Sniffing out a suspect

Imagine a scene where investigators approach a suspicious person waiting in line to board a trans-Atlantic flight. He is wearing a hooded sweatshirt, oversized sunglasses and heavy gloves. Before he even says a word, the investigators have scanned the unobscured areas of his face with a surveillance camera. They picked up an odor signature as he approached a hidden sensor at the ticket counter and they covertly picked up his heart rhythms as he leaned against a metal handrail.

Based on those scans, they already know who he is, they know he is wanted on warrants in three countries, and they know he is about to tell a lie.

With biometrics research being done right now in labs across the world, this type of identification and insight could be reality in a matter of decades.

While most of the best-known research is being done in the traditional fingerprint, iris and face-recognition fields, other researchers are exploring traits ranging from the body’s electrical charge, human odor, and even “boneprints” as potential methods of identifying and gaining information about people in more reliable ways than ever before.

“The market for biometrics is very hot, and that is encouraging many people working in the field to look into some different areas of the human identification,” says Anil Jain, computer science distinguished professor at the Michigan State University, and director of the Biometrics Research Group.

The case for fingerprints is an easy one. Forensics investigators have been using them for more than a century to identify people, and the technology is reliable and widely available. “Iris scans and face recognition are also maturing to a similar level of acceptance and reliability,” says Zack Martin, editor of Regarding ID, an identification and biometrics trade magazine based in Tallahassee, Florida.

But even with the massive databases of fingerprints available and the rapid movement in iris and face biometrics, researchers are still looking to expand the uses and modes of biometrics far beyond the current capabilities.

One reason research into new biometric areas is so attractive, says Arun Ross, associate professor of computer science and electrical engineering at West Virginia University, is because current biometric technology has limitations when dealing with non-cooperative subjects at a distance.

Those uncooperative suspects, such as the hypothetical man in line at the airport, is one reason the US Department of Homeland Security is hoping to soon be able to quite literally sniff out the truth.

Homeland Security officials are hoping that biometric signatures contained within each person’s unique odor may lend some insight into a subject’s disposition, and may even tell if someone is about to tell a lie. This would be especially useful during security screenings and interrogations if this technology proves to be viable and scalable to the point that covert odor detectors could be developed that work without the knowledge of the person being scanned.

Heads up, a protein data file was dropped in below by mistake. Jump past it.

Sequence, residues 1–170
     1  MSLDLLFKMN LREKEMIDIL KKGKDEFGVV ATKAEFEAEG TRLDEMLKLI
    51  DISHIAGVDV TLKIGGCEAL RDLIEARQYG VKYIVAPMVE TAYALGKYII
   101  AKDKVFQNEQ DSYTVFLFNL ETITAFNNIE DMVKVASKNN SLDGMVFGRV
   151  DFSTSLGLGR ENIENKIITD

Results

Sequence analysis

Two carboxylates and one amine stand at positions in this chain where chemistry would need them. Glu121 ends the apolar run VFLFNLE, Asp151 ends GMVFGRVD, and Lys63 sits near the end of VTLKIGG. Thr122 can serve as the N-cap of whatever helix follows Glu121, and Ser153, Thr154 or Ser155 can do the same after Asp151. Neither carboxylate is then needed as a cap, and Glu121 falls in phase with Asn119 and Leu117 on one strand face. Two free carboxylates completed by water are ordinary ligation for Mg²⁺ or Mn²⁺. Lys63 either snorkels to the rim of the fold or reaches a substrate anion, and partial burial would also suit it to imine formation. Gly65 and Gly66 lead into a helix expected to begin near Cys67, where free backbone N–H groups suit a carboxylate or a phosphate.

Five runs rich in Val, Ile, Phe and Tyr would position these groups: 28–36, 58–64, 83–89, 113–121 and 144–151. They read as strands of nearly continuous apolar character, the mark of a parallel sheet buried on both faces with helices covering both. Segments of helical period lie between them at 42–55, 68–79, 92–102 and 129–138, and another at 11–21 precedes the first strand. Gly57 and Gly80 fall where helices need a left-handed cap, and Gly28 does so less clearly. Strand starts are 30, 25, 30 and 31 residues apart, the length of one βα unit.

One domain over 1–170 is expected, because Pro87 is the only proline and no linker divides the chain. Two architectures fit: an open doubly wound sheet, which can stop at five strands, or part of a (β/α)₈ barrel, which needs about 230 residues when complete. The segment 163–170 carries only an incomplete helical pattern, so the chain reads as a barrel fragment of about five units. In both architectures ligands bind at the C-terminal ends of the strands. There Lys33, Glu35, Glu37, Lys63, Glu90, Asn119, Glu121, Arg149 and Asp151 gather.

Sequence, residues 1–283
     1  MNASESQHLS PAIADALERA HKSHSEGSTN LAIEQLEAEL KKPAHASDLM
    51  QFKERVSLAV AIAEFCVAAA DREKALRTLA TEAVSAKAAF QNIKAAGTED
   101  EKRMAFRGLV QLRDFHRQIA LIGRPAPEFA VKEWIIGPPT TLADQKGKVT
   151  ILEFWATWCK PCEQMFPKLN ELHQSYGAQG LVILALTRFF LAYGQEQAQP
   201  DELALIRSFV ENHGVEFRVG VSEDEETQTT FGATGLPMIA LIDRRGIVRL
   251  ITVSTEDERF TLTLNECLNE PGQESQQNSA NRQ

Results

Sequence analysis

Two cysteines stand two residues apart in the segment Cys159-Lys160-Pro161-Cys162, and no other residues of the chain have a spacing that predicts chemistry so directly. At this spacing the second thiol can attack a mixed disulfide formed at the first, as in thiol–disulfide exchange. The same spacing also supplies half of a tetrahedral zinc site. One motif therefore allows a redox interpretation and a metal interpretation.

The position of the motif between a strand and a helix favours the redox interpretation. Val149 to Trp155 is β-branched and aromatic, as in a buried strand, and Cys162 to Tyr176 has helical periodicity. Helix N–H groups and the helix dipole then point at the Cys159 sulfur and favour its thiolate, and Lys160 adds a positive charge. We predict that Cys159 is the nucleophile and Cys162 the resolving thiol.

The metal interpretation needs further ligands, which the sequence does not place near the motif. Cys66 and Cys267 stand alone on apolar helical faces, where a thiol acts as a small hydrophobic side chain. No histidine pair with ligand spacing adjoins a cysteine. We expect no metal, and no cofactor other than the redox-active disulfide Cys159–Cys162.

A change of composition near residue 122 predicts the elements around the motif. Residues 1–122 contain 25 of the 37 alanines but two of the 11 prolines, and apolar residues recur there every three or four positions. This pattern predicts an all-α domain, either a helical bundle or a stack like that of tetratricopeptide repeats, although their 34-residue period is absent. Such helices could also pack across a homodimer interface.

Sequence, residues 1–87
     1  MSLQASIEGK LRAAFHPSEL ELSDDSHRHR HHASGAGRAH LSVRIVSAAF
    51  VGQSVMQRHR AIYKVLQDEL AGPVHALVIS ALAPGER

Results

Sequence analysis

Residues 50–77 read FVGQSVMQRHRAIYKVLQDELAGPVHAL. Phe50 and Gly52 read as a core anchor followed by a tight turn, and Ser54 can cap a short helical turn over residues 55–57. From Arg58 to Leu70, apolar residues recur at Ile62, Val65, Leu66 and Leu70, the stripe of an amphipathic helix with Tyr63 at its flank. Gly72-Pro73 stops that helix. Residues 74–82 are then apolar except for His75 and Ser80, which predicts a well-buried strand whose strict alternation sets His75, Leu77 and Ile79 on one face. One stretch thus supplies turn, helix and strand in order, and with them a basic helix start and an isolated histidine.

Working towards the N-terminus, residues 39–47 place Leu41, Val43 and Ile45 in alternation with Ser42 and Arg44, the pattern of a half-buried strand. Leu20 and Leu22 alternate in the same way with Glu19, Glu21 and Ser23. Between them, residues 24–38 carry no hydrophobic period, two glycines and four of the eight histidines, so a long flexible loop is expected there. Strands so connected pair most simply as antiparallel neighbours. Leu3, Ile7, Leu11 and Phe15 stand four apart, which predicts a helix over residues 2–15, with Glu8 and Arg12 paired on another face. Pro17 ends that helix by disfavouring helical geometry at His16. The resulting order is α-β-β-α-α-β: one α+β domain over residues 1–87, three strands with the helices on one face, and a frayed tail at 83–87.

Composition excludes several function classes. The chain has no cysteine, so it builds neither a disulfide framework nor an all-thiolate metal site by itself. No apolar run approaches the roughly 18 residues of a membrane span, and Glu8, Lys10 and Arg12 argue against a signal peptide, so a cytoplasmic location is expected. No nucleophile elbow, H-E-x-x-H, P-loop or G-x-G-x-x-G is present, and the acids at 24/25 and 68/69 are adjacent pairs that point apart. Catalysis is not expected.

Some researchers speculate that the odor markers may even develop to the point that officials could use odor to identify specific individuals.

Other researchers are looking further inside the body to find better identification markers. One line of research is pursuing a person’s electrocardiogram. Researchers hope that the unique rhythms and patters contained in each individual’s heart rate may serve as a non-invasive and reliable identification marker.

Another internal identifier that is proving promising is to use “boneprints” as a fraud-proof form of identification.

Just as fingerprints capture unique patterns on fingers, Boneprints would rely on an acoustic scan of a specific bone, such as a thumb. Sensors would record the bone density and other identifiable characteristics, creating a template which may be used to provide an identification marker that could not be replicated.

While these new lines of research may seem like esoteric outliers right now, Martin says they remind him of another emerging technology that failed to gain widespread acceptance early on — palm vein scans.

A palm vein scan captures the unique patterns made by veins in an individual’s palm. And while they aren’t as popular as fingerprints, Martin is now seeing them being used in ATMs in Asia and Brazil, as well as with a handful of health card providers in the US.

But before the orders for new biometric devices, such as boneprint readers, begin rolling in, people may need to stop and evaluate the technology from a business perspective. That’s because, even if the new technology works, if it is too expensive, or if the readers are too invasive or unwieldy, they wouldn’t be practical, says Jain. “If there is no business model for a biometric system, then it just isn’t going to take off in the commercial sector.”

But that’s not to say that new technologies don’t have their place.

“The more we interact with people over cyberspace, the more critical it is to establish identity in a reliable and robust manner,” Ross says. “Furthering the technology beyond what we currently have is going to become important.”

By Michael Giusti

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